When people are going through a divorce and arguments over splitting assets get heated, a common natural reaction is for each person involved to go into survival mode. This means that they want to try and preserve as much for themselves as possible. In order to achieve this, they can go to extreme lengths, including hiding assets in off-shore bank accounts, sometimes doing this over the years that they were anticipating an eventual divorce.
During any divorce, things almost never go smoothly. There are many aspects to parting ways, and aside from the emotional factors, there are the issues of finances and the division of assets. If you are a couple with high assets, this can be particularly problematic. If you are the spouse that generally earns more and has been responsible for acquiring the majority of the wealth, you might feel that it's unfair to agree to a 50/50 split.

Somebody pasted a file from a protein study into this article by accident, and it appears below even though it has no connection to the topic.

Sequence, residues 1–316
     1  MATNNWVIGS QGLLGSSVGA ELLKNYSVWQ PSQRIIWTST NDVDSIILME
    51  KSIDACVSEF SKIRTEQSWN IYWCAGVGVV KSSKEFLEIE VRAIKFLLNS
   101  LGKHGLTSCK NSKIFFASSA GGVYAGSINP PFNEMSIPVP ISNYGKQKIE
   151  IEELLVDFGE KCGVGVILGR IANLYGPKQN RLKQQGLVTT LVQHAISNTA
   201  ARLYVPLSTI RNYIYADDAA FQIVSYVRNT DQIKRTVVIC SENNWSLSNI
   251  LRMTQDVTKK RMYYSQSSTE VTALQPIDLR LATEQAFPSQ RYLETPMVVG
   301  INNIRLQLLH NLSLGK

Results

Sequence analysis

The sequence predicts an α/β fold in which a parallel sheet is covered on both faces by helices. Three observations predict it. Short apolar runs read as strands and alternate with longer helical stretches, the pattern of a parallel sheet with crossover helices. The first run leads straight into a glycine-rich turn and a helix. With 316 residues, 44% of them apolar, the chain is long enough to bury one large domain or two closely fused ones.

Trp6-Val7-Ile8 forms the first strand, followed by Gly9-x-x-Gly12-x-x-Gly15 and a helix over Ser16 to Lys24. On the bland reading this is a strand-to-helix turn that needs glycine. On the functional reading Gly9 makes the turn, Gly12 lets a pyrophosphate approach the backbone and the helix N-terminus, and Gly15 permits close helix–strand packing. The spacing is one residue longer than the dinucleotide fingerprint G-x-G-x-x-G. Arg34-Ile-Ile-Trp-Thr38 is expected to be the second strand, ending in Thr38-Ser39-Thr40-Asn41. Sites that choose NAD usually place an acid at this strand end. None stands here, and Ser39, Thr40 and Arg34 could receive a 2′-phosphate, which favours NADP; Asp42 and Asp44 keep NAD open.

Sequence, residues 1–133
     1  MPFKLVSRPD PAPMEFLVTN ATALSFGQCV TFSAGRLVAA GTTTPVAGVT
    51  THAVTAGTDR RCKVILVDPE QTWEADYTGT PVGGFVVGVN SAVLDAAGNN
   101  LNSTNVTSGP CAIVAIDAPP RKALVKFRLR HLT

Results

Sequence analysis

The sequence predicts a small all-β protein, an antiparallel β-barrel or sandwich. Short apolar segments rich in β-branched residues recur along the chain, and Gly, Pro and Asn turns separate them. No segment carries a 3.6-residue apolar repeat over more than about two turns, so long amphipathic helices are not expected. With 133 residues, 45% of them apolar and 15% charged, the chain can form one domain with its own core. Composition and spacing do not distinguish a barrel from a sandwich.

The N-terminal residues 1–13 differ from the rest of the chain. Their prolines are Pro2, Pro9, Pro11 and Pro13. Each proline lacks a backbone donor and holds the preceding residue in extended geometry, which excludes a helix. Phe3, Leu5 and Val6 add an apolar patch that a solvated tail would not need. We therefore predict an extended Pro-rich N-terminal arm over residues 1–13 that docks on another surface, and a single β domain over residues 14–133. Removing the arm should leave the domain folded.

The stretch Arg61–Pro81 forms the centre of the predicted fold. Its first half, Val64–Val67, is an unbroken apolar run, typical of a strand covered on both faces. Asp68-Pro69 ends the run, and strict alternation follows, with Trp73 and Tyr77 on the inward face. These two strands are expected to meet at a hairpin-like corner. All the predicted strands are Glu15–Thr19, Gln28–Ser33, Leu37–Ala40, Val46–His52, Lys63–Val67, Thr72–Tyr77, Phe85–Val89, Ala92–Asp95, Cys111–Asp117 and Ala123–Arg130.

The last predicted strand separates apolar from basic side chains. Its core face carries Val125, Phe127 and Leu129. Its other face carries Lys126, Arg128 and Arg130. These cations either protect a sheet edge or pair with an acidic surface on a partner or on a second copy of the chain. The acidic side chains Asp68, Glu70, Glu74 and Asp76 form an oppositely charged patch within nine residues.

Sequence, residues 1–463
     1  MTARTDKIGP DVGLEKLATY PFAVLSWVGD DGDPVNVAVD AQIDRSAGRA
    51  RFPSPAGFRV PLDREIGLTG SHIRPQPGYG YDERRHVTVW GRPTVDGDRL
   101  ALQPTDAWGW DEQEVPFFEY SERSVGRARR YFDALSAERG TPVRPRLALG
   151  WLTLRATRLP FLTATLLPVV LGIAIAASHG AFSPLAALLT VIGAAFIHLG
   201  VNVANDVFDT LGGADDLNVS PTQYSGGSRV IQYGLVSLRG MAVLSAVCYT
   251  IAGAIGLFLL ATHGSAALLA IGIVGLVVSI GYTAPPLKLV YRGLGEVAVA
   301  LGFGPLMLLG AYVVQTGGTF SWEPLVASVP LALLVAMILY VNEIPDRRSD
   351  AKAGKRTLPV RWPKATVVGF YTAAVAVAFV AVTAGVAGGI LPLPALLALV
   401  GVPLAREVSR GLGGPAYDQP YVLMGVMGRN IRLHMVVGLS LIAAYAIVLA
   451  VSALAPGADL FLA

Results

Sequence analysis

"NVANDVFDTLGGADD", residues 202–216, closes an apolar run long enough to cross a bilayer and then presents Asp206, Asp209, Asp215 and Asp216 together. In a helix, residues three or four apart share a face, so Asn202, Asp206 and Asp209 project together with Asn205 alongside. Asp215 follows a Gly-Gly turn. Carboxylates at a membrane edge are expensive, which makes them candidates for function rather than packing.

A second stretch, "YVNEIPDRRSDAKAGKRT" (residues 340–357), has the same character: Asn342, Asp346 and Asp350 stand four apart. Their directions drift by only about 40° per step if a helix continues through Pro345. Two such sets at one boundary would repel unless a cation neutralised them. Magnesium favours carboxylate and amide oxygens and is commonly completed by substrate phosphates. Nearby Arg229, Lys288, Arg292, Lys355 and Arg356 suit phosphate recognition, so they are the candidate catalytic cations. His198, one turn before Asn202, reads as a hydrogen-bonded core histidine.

Federal employees in Colorado who plan to divorce need to determine how to divide their Thrift Savings Plans. Since there are not any federal laws that govern the process, family court judges will apply state law in the event that the couple is unable to reach an agreement.
Property division is the portion of divorce that addresses how marital assets are split. For those who are in high asset marriages, it is not uncommon for one spouse to either own or have interests in a business.